Bot Attack Costs Double Since 2020: Netacea 

According to a new report Death by a Billion Bots from Netacea, due to malicious, automated bot attacks, the typical business in the US and UK annually loses over 4% of their online revenue, averaging $85.6m, up from $33.3m per business in 2020.  

Attacks observed varied with the majority (65%) targeting mobile devices, followed by websites (63%) and APIs (40%). The most common bot strategy seen by 49% of respondents was from sniper bots, which monitor time-based activities, such as online auction sites, that submit information at the very last moment. These attacks are particularly damaging to dynamic pricing environments in financial services.

Unfortunately, these attacks often go unspotted and can persist for months. Netacea calculated the average “dwell time” to be four months, with 97% of respondents saying it took over a month to respond to malicious automated attacks.

“The cumulative effect of these attacks is wiping tens of millions of dollars in value from online businesses, not to mention the effect on their reputations and operations, yet this activity is low key enough to remain undetected for months,” warned Netacea co-founder, Andy Still.

George McGregor, VP, Approov has this comment:

   “There is an interesting trend in the report: Website attacks down slightly in the last 2 years while mobile up nearly 50% and API attacks up 74%  in the same period.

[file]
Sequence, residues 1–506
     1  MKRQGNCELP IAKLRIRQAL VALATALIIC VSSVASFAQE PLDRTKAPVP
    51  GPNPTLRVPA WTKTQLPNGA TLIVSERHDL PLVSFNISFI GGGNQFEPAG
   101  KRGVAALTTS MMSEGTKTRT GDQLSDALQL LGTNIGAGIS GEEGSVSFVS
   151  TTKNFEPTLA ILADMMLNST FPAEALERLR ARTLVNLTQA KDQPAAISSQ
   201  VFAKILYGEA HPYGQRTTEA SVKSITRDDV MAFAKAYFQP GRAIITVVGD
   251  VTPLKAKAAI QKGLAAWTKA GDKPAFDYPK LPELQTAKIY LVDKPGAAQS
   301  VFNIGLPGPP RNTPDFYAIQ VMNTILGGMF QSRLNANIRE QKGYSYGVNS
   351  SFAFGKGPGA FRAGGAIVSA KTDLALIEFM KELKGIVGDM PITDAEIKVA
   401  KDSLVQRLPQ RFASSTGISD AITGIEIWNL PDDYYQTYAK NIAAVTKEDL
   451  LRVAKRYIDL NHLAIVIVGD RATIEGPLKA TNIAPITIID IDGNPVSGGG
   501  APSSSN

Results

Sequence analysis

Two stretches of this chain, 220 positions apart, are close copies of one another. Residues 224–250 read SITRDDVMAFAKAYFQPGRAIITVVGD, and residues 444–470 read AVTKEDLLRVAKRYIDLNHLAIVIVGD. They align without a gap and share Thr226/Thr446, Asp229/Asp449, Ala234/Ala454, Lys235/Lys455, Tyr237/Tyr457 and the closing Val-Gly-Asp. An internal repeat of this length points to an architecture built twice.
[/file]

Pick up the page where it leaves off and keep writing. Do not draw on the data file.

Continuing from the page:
“This is not really a surprise given the massive uptick in mobile app deployment and the way apps rely on owned and third-party APIs to do their job.

   “The good news is that unlike the web/browser use-case where distinguishing bots from humans is tricky – and annoying, a good mobile app attestation solution can identify fake apps, scripts, and modified devices and block bot traffic at the source before it even gets to the API. “

Ted Miracco, CEO, Approov follows up with this:

   “The bot arms race demands continual improvement especially against persistent nation-state threats. Bots are ingenious, but proper defense in depth strategies can recognize and repel sophisticated bot attacks before they compromise valuable data or revenue.

   “Mobile attestation validates the integrity of client devices and apps using cryptographic measurements to detect if code has been altered, thus ensuring bots can’t modify functionality or bypass security. Consider authentication schemes specific to devices/platforms like app attestation on mobile instead of just username/password.

   “The goal is one of using proven, secure protocols and short-lived credentials rather than complex user authentication schemes. Monitoring for anomalies in traffic patterns also helps identify stealthy bots masquerading as human users.”

Emily Phelps, Director, Cyware add this:

   “As a tool, AI is leveraged by defenders and threat actors alike. Adversaries are using AI-powered bots for brute force attacks and credential stuffing, rapidly testing username-password combinations faster than humans could ever do alone. They are training them to bypass traditional bot detection methods. In short, these bots can move and scale at a speed beyond human capabilities so security defenses must match pace. We must implement automation that can break down data, tech, and team silos and more rapidly deliver context-rich intelligence to the right people who can then swiftly respond.”

Attacks by bots are a today problem and need to be factored into how an IT environment is defended. Because if that doesn’t happen, the costs to the organization can be significant.

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